Rising Unemployment in U.S. to Fuel Spikes in Mortgage Delinquencies

Rising Unemployment in U.S. to Fuel Spikes in Mortgage Delinquencies

Residential News » Irvine Edition | By Michael Gerrity | April 14, 2020 9:02 AM ET

CoreLogic's latest monthly Loan Performance Insights Report is now showing this week that nationally, 3.5% of mortgages were in some stage of delinquency (30 days or more past due, including those in foreclosure) in January 2020, representing a 0.5 percentage point decline in the overall delinquency rate compared with January 2019, when it was 4%. This marked 25 consecutive months of annual declines and was the lowest for a January in more than 20 years.

The mortgage market experienced a strong year of improvement in loan performance during 2019 - carrying over into the first month of 2020. However, mounting job losses since the COVID-19 pandemic was declared a national emergency has raised the strong probability of many borrowers falling behind on their mortgage payments in coming months. 

Thumbnail image for WPJ News | Frank Nothaft, Freddie Mac's chief economist

Dr. Frank Nothaft

"Home loan delinquency and foreclosure rates were the lowest in a generation before the COVID-19 pandemic hit," said Dr. Frank Nothaft, chief economist at CoreLogic. "Recession-induced job losses will fuel delinquencies. However, widespread foreclosures across America will likely be averted because of the home equity buffer that homeowners have and the available forbearance programs. Our Home Equity Report found that at the start of 2020, homeowners with a mortgage also had an average of $177,000 in home equity."

As of January 2020, the foreclosure inventory rate, which measures the share of mortgages in some stage of the foreclosure process, was 0.4% - unchanged from January 2019. January's foreclosure inventory rate tied the prior 14 months as the lowest for any month since at least January 1999.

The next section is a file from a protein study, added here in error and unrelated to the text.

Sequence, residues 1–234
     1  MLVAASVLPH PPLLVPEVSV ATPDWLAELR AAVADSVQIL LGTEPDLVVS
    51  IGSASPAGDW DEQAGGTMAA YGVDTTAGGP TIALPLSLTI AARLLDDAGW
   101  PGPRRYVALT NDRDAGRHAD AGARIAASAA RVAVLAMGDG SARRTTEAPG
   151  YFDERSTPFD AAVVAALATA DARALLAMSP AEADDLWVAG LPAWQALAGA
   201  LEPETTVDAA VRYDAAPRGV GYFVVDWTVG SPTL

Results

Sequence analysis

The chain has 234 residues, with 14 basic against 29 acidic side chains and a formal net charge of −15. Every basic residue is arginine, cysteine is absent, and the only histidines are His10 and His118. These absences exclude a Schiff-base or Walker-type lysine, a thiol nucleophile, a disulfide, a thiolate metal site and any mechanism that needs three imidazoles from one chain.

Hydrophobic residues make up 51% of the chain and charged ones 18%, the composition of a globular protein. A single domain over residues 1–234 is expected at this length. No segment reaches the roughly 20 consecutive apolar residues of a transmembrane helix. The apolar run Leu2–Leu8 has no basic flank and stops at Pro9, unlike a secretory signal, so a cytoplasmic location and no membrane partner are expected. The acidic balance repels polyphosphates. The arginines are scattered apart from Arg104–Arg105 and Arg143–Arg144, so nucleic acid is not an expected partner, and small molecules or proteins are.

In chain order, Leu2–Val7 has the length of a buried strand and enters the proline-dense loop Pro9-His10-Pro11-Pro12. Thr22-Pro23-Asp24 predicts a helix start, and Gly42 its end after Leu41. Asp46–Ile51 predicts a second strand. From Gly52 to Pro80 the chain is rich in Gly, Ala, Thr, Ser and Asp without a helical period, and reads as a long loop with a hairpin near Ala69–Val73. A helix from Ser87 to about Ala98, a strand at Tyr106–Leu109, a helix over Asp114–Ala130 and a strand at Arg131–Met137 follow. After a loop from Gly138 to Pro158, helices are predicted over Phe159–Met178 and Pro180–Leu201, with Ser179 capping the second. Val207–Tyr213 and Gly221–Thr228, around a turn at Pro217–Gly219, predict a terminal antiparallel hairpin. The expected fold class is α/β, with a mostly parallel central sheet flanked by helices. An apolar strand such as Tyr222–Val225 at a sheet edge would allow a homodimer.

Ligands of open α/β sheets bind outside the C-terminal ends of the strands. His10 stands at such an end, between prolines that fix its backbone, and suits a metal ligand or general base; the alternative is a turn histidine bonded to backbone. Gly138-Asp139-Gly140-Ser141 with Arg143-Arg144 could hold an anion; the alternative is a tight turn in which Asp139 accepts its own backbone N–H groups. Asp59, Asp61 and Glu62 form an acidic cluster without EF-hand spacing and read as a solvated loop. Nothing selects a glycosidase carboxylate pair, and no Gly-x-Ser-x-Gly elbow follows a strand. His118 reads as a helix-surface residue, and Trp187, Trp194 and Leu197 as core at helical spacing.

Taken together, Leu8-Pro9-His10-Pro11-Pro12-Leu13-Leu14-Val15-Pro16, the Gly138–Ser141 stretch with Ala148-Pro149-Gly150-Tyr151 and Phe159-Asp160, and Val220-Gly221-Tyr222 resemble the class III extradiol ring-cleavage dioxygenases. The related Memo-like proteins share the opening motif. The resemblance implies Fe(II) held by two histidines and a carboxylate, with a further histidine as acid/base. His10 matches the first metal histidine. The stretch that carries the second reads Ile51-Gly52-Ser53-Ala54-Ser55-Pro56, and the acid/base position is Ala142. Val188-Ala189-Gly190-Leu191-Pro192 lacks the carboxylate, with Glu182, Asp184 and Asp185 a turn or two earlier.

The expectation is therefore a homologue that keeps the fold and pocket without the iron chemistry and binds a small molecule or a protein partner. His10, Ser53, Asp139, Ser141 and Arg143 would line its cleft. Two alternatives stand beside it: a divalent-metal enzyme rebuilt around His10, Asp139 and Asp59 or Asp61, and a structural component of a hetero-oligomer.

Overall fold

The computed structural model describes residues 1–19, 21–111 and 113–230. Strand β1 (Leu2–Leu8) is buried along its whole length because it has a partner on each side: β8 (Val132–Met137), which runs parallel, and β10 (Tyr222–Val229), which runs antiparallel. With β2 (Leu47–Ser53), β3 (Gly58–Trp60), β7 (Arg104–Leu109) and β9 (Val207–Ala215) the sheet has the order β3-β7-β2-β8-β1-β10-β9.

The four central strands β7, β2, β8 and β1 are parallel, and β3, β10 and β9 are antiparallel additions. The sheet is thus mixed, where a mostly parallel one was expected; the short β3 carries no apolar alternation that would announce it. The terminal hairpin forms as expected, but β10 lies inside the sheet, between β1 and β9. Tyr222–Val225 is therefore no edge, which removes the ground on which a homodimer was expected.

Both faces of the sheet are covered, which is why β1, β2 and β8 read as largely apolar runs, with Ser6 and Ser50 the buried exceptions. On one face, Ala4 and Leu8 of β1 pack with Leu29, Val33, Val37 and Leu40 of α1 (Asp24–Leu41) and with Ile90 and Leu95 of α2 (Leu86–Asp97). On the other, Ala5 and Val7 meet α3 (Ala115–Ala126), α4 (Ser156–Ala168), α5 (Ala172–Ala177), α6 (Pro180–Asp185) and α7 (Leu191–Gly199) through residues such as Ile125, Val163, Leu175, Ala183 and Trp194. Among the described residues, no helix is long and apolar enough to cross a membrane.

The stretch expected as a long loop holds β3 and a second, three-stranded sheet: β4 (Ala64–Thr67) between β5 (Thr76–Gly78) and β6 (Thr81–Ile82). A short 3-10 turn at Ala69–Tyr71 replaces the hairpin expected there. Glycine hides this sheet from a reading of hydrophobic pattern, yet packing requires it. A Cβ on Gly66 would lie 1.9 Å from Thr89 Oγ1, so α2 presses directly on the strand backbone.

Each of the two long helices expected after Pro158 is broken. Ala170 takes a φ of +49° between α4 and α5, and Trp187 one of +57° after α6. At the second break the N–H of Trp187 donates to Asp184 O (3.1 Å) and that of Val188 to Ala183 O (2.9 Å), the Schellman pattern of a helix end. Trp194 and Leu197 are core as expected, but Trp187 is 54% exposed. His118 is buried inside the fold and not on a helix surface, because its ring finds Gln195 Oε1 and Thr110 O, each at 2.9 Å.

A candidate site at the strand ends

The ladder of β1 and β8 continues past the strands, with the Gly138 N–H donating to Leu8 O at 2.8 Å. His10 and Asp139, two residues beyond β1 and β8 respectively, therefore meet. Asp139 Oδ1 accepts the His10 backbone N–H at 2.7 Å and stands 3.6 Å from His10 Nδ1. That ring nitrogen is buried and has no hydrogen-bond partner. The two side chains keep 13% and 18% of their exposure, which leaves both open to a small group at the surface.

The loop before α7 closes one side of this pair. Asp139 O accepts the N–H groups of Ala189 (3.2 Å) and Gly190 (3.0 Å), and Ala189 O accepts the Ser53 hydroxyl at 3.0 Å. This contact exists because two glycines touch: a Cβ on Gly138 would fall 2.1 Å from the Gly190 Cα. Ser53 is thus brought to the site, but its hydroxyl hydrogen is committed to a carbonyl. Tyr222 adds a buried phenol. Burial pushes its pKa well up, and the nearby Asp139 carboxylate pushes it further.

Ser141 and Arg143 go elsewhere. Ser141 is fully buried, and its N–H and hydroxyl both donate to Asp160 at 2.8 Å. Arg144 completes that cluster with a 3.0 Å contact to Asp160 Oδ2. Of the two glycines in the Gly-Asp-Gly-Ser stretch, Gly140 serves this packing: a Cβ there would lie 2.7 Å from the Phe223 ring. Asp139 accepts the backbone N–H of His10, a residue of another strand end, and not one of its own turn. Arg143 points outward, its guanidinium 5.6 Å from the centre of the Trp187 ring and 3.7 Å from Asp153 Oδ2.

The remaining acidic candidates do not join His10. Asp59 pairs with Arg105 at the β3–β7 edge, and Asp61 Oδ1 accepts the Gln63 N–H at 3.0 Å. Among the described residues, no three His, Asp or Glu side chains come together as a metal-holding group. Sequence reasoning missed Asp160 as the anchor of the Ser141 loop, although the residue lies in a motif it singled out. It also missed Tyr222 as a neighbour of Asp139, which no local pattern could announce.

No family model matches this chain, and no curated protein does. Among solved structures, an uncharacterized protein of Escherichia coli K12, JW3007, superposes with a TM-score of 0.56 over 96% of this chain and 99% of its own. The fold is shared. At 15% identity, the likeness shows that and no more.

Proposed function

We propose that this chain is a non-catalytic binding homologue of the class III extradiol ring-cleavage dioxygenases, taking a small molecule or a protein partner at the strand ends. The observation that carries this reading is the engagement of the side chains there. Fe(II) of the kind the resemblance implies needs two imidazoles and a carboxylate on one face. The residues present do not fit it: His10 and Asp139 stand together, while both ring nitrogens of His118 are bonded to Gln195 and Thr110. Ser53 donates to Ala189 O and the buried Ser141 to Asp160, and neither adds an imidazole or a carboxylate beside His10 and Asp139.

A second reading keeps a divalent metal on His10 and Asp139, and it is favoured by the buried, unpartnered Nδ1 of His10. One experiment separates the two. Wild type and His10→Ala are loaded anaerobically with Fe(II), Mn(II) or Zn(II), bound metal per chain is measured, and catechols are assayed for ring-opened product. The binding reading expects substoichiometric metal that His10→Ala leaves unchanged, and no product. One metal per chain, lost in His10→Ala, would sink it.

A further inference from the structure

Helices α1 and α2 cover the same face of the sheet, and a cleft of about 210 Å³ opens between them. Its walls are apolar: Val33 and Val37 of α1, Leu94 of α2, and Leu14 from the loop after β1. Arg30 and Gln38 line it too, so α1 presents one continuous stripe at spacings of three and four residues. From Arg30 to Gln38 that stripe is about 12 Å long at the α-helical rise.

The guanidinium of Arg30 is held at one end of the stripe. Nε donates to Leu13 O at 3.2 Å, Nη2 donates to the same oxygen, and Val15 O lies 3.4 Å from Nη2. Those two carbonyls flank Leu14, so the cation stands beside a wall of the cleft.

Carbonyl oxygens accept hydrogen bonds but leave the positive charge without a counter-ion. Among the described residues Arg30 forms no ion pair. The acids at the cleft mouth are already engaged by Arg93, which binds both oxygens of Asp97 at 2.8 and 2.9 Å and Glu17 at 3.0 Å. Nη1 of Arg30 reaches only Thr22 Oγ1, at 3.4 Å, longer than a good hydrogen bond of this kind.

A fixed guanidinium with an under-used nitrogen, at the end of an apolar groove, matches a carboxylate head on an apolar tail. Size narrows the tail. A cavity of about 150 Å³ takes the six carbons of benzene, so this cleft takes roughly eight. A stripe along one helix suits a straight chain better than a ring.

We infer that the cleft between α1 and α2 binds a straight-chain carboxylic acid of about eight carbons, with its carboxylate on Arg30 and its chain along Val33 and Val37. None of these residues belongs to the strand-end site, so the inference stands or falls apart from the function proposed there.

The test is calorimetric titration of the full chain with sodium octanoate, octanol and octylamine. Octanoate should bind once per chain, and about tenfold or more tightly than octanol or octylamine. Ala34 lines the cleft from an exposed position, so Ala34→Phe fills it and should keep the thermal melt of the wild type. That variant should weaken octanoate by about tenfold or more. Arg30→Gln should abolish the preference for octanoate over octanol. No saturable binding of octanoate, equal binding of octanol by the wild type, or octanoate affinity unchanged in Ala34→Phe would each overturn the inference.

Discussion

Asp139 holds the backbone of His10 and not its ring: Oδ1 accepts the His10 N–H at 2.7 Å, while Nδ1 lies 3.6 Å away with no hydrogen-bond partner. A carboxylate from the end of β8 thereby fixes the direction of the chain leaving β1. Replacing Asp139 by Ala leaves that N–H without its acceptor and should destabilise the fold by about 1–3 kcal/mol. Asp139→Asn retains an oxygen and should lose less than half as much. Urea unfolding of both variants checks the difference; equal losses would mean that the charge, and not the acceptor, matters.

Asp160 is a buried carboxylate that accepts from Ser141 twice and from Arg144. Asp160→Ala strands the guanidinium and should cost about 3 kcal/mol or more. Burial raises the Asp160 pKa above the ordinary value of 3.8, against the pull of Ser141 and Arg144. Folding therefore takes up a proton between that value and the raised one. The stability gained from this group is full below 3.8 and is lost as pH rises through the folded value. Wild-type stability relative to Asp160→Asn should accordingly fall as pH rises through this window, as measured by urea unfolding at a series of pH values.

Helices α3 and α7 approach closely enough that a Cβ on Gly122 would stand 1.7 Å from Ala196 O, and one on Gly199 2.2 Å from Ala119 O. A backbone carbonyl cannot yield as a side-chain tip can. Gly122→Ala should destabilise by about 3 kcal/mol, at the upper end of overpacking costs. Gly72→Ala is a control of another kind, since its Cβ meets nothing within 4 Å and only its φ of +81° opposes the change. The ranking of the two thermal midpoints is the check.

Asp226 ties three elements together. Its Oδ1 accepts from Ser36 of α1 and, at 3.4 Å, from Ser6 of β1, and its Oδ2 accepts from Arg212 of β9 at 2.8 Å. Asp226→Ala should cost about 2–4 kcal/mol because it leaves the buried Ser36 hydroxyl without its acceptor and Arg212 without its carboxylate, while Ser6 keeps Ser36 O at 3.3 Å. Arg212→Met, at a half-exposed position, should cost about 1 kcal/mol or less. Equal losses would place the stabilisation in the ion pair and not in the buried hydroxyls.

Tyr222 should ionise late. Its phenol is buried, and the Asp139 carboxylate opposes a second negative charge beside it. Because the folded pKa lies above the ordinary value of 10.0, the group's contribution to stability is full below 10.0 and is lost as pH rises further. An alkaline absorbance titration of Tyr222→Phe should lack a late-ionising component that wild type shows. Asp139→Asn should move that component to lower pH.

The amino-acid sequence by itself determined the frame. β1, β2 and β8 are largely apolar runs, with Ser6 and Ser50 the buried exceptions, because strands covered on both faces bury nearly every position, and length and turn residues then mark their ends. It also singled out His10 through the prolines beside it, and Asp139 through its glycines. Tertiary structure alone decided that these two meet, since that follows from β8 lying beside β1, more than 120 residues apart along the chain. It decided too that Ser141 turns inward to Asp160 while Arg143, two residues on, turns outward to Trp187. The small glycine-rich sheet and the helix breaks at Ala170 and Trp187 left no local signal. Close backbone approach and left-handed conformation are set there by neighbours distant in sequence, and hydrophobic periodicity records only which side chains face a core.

Measuring early-stage delinquency rates is important for analyzing the health of the mortgage market. To monitor mortgage performance comprehensively, CoreLogic examines all stages of delinquency, as well as transition rates, which indicate the percentage of mortgages moving from one stage of delinquency to the next.

The rate for early-stage delinquencies - defined as 30 to 59 days past due - was 1.7% in January 2020, down from 1.9% in January 2019. The share of mortgages 60 to 89 days past due in January 2020 was 0.6%, down from 0.7% in January 2019. The serious delinquency rate - defined as 90 days or more past due, including loans in foreclosure - was 1.2% in January 2020, down from 1.4% in January 2019. This is the lowest serious delinquency rate experienced since April 2000, when it was 1%.

Since early-stage delinquencies can be volatile, CoreLogic also analyzes transition rates. The share of mortgages that transitioned from current to 30 days past due was 0.6% in January 2020, down from 0.8% in January 2019. By comparison, just before the start of the financial crisis in January 2007, the current-to-30-day transition rate was 1.2%, and peaked at 2% in November 2008.

"After some initial cushioning from equity buffers, lower mortgage interest costs and government support and forbearance programs, we expect delinquency rates to jump significantly throughout the year as the economic toll from COVID-19 becomes more evident," said Frank Martell, President and CEO of CoreLogic. "It is likely that areas of the country that have local economies driven by energy, transportation and media and entertainment will lead the way in delinquencies. The ultimate extent of the higher delinquencies will depend on how quickly the broader economy opens up again and employment levels rebound - both of these factors are uncertain at this time."

In January 2020, for the fifth consecutive month, no states posted a year-over-year increase in the overall delinquency rate and Mississippi (down 1.1 percentage points) and North Carolina (down 0.9 percentage points) recorded the largest declines. In addition, only three metropolitan areas recorded small increases in overall delinquency rates.

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